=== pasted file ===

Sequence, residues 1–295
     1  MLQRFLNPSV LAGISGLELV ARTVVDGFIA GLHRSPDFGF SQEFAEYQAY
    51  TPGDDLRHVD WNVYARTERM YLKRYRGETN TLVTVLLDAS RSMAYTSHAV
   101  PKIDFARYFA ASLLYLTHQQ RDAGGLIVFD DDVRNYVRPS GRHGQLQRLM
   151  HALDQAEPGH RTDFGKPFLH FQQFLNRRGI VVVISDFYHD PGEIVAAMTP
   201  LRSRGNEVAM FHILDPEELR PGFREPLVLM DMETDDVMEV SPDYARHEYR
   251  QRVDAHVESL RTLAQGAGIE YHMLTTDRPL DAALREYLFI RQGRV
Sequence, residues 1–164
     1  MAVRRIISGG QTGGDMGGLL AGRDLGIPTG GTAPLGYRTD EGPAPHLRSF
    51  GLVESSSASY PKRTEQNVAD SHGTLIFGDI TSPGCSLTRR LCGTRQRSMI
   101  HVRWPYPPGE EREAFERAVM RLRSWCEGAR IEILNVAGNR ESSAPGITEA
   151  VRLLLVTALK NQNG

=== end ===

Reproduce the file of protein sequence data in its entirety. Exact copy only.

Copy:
Sequence, residues 1–295
     1  MLQRFLNPSV LAGISGLELV ARTVVDGFIA GLHRSPDFGF SQEFAEYQAY
    51  TPGDDLRHVD WNVYARTERM YLKRYRGETN TLVTVLLDAS RSMAYTSHAV
   101  PKIDFARYFA ASLLYLTHQQ RDAGGLIVFD DDVRNYVRPS GRHGQLQRLM
   151  HALDQAEPGH RTDFGKPFLH FQQFLNRRGI VVVISDFYHD PGEIVAAMTP
   201  LRSRGNEVAM FHILDPEELR PGFREPLVLM DMETDDVMEV SPDYARHEYR
   251  QRVDAHVESL RTLAQGAGIE YHMLTTDRPL DAALREYLFI RQGRV
Sequence, residues 1–164
     1  MAVRRIISGG QTGGDMGGLL AGRDLGIPTG GTAPLGYRTD EGPAPHLRSF
    51  GLVESSSASY PKRTEQNVAD SHGTLIFGDI TSPGCSLTRR LCGTRQRSMI
   101  HVRWPYPPGE EREAFERAVM RLRSWCEGAR IEILNVAGNR ESSAPGITEA
   151  VRLLLVTALK NQNG